Does your family have emergency ID cards in your emergency bags or in school backpacks?
In the event of an emergency when you are not readily available to your child, do they have anything that they carry that lets rescue workers know anything about them at all? Sure, the child who has a medical condition which may effect her treatment should be wearing a medical alert in the form of a bracelet or necklace, but what about other identifying information such as your contact info, their physical attributes to be sure that the information really does belong to them? Or what about a card that you have to hand to a rescue working when looking for your child during an emergency?
I’ve talked before about including photos in your emergency bags, but we’re going to take it once step further today.
How Can You Use an Emergency ID Card?
Consider this scenario:
There was a tornado in your city and your child is at a rescue site, hanging on only to his backpack. He’s uncommunicative. His teacher is with other kids who also need help. But, your son still has his backpack. The rescuers dig through and find the printed, laminated emergency ID card that you’ve put into his emergency supplies that he carries all the time. With it, they can make sure that he is the child who belongs to the information on the card not only by the description, but by the photo. They can see his allergies and know that he is allergic to penicillin and that his blood type is A+, and that he has no other know medical complications.
They can be one step closer to treating him on the spot, effectively, because they have that information. They also have your contact information so that you can be called quickly.
What about this one?
You are at a local amusement park and are separated from your young child. Even though you know that you’ve taught them to find the nearest park employee and wait, you still have to be proactive in getting help. Instead of trying to describe your child, or showing them a photo on your cellphone that you only have, what if you had one or two of these cards in your day bag that you could hand to attendants to have more looking out for your child?
None of the above scenarios are meant to spook you, I promise, but to make you think about how they can be helpful, especially with younger children who don’t have a lot of vocabulary to share full information. Not only are they good for emergencies like this, but they’re good information to have in your Family Emergency Binder as well! We keep a copy of an ID card for each member of our family in our emergency car kit and in our emergency bags.
How to Create Your Own Emergency ID Cards for Your Family
- With the .pdf version, just print off the form. If you happen to have some white cardstock, just insert it into your paper try on your printer and print.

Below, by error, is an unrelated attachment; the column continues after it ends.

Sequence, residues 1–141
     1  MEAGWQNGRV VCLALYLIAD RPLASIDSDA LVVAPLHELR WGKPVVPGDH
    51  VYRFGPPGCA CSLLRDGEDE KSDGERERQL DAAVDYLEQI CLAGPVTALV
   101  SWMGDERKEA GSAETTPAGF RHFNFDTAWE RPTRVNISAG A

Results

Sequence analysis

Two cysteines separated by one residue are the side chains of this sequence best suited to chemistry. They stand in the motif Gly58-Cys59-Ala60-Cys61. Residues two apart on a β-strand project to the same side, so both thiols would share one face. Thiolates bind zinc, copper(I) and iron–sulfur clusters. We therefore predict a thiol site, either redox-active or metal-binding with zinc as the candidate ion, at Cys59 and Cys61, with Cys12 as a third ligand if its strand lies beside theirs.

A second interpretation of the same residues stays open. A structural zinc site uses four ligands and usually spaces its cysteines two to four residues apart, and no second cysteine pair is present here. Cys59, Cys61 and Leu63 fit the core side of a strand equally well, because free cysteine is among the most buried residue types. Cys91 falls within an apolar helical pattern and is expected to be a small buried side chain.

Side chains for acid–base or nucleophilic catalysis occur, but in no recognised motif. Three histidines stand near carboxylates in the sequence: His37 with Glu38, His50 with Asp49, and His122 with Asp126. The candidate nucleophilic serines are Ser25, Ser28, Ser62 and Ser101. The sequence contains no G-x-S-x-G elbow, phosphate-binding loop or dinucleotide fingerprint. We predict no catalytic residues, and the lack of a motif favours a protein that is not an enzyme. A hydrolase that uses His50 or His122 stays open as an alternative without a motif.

- Cut out cards. You can glue the paper onto a 4×6 index card for added stability if you’d like if you haven’t printed it out on cardstock.
- Attach a photo of your child in the box. The best photo is one with a great headshot. Use a good glue.
- Press your child’s thumb into a rubber stamp ink pad , then press firmly in the corresponding thumbprint box.
- Fill out the pertinent information. While I did include a Social Security area, you don’t have to include that if you are worried about the card being lost.
- Additionally, flip the card onto the front and glue a photo of your entire family and/or add other pertinent information about your child.
- You can take the finished cards to your local print shop or teacher’s supply store and have them laminated. Or, if you have a laminating machine at home, do it yourself! You can even ‘vacuum seal’ them into a vacuum sealer pouch if you have a Food Saver, though they won’t be as easy to see or read because of the texture. You can even just put them into a freezer zip top bag and remove all the air.
- Once completed, you can punch a hole and put on a keyring for your family’s emergency bags, put into a binder for your Family Emergency Binder, or their own card into their backpacks and school emergency kits.
If you are handy with a photo editing program like Photoshop or Photoshop Elements, give this a try:
You can download this .png Emergency ID Card to pull into your program, fill in with your favorite font and insert your own photo into the appropriate areas. Just print off and then stamp the fingerprints, then proceed to adding the photo to the back and laminated if you’d like. Or, you could actually add a photo of your child and a photo of the family, though they will be smaller in size to do so.
Extra: Misti @ Your Own Home Store has created a full Emergency Information Sheet that you can print out, plus emergency cards for your pets.
I understand how some of you may feel like this is information that you don’t want readily available for someone to take. That’s a decision you have to make for yourself. We choose to have it because we feel it is an important part of being PREPared for an emergency.
Note: Please don’t share the link to the printables, but direct your friends and family here so that they can learn and download for themselves. Thanks!
What else do you do to help provide vital information for your child when you’re not available?
Want more ideas for preparedness for kids?
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